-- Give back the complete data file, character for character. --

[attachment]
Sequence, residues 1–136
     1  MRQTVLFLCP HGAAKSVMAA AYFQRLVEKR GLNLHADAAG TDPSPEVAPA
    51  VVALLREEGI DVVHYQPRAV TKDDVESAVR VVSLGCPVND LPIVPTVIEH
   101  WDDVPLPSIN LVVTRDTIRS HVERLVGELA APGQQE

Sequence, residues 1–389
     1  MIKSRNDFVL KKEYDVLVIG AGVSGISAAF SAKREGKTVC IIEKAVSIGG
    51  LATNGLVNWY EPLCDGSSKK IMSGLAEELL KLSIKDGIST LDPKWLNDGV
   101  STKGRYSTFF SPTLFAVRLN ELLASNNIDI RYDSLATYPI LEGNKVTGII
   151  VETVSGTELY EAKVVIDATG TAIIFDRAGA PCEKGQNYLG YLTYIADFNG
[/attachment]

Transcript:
Sequence, residues 1–136
     1  MRQTVLFLCP HGAAKSVMAA AYFQRLVEKR GLNLHADAAG TDPSPEVAPA
    51  VVALLREEGI DVVHYQPRAV TKDDVESAVR VVSLGCPVND LPIVPTVIEH
   101  WDDVPLPSIN LVVTRDTIRS HVERLVGELA APGQQE

Sequence, residues 1–389
     1  MIKSRNDFVL KKEYDVLVIG AGVSGISAAF SAKREGKTVC IIEKAVSIGG
    51  LATNGLVNWY EPLCDGSSKK IMSGLAEELL KLSIKDGIST LDPKWLNDGV
   101  STKGRYSTFF SPTLFAVRLN ELLASNNIDI RYDSLATYPI LEGNKVTGII
   151  VETVSGTELY EAKVVIDATG TAIIFDRAGA PCEKGQNYLG YLTYIADFNG